‘‘When the truck with all our gear went miss­ing a roadie offered to go and find it for us. When he turned up with it the next day at Whiskey it was full of bul­let holes,’’ says Wool­wright.

Aus­tralia was hard on the band: play­ing six nights a week, par­ty­ing til dawn, sleep­ing all day, turn­ing up again at Whiskey. And Hansen, who’d be­come a bona fide gui­tar hero, was slip­ping deeper and deeper into the spir­i­tual side.

When Coburn landed the beloved Black Sab­bath for 1973’s Ngaru­awahia Mu­sic Fes­ti­val (the coun­try’s first out­doors rock fes­ti­val), the plan was that Ticket would go back to New Zealand for the fes­ti­val, tour Aus­tralia along­side Sab­bath, set out on a tour of Canada and record an al­bum in Alabama at Mus­cle Shoals Stu­dio – the very stu­dio where The Rolling Stones recorded Wild Horses and Brown Su­gar.

But it started to crum­ble when Trevor Tom­lin­son’s laryn­gi­tis put paid to the Ngaru­awahia show.

‘‘The idea was that this was to be the launch pad for the Sab­bath tour. The fact that we couldn’t get up there

and play was a mas­sive dis­ap­point­ment,’’ says Wool­right.

When it comes to the band’s breakup, it’s ‘‘a bit of a blur’’. ‘‘I can’t re­ally re­mem­ber how it hap­pened. We were back up in Auck­land after Ngaru­awahia and Ed­die told me that the band was break­ing up cos Ricky had an­other gig with a dif­fer­ent band,’’ says Wool­right.

‘‘But I found out later that Ricky had got the gig with the other band be­cause we were break­ing up. I re­ally don’t know what the real story is. But we broke up.’’

Hansen, gui­tar god, was on an­other plane. He ended up re­form­ing Ticket with mu­sos who shared his love of med­i­ta­tion and Kr­ishna con­scious­ness. The band didn’t last.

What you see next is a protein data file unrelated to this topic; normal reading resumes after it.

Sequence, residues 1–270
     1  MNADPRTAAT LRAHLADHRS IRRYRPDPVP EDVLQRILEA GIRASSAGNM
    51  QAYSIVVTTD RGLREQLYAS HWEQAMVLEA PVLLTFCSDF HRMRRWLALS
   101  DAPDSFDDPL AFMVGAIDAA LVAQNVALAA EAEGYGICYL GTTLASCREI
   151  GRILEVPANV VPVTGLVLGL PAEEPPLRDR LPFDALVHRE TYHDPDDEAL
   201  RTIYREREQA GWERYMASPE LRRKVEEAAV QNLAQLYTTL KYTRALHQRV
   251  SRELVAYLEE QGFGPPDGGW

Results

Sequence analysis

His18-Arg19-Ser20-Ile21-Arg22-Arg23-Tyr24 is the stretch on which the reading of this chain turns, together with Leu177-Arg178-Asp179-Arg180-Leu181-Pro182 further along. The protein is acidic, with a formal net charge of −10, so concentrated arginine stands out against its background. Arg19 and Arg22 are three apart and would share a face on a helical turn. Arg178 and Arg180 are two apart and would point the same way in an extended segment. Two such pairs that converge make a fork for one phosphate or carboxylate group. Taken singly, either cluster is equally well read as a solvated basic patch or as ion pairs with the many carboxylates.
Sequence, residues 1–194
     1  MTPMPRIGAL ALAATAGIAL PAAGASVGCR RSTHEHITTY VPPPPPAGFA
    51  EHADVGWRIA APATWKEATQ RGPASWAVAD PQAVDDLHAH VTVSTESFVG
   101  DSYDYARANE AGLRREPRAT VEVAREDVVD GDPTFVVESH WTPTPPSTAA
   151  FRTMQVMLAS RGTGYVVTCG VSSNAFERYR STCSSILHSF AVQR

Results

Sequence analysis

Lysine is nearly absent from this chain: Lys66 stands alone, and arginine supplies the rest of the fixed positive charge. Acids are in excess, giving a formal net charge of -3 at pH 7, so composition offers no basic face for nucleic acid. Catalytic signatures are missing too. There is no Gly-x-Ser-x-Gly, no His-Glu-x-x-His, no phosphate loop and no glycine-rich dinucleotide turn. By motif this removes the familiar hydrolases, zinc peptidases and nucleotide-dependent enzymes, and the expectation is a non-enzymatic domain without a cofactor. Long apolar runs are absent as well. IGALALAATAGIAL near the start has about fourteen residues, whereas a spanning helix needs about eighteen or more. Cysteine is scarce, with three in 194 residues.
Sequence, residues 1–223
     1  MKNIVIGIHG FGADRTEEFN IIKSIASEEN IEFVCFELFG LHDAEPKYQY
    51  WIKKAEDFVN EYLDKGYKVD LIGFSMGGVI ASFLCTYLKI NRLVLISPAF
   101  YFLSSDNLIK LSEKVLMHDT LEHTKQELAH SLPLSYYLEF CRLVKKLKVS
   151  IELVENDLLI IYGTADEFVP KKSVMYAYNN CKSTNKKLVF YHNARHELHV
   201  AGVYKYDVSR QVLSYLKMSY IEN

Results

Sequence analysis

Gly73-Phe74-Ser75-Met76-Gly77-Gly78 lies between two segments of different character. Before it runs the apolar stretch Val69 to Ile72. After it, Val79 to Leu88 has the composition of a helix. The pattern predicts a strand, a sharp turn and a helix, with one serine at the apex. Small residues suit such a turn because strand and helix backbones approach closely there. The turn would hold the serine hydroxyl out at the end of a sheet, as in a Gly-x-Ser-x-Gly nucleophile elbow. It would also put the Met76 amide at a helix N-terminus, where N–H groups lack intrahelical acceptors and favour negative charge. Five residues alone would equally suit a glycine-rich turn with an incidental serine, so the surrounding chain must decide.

So, no tour, no world­wide fame . . .

but not quite the end.

After re­unit­ing for two sold-out gigs in 2012, there are hopes they may get the band back to­gether again.

And no one knows how it hap­pened, but two Ticket songs (Awake and Dream Chant) ap­peared on a sound­track for cult surf movie Morn­ing of the Earth. Ticket re­ceived no roy­al­ties for this, although the al­bum sold in the thou­sands and the two Ticket songs have clocked up more than 70,000 lis­tens since the al­bum was re­leased on Spo­tify in 2014. The roy­al­ties are still miss­ing, but the in­ves­ti­ga­tion is un­der way. To be con­tin­ued . . .

* Back­stage passes: The un­told story of New Zealand live mu­sic venues (1960s-1990s) by Joanna Mathers (New Hol­land Pub­lish­ers, $39.99)

There were few big­ger – and heav­ier – rock bands in the world when Black Sab­bath played the Ngaruwahia Mu­sic Fes­ti­val in Jan­uary 1973. Fans had flocked to see gui­tarist Tony Iommi, pic­tured, and co – but lo­cal lads Ticket hoped their in­clu­sion on the bill would cat­a­pult them to star­dom.

The Christchurch band Ticket in Syd­ney in 1972. From left: Paul Wool­wright, Ricky Ball, Trevor Tomble­son, Ed­die Hansen.